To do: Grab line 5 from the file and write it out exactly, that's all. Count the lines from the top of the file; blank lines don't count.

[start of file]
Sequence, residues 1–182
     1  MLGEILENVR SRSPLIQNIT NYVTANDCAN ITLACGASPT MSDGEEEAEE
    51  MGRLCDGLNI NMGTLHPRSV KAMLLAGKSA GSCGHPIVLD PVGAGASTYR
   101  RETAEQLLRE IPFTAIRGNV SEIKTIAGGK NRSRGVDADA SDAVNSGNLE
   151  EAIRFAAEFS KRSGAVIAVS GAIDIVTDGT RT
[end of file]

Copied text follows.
   151  EAIRFAAEFS KRSGAVIAVS GAIDIVTDGT RT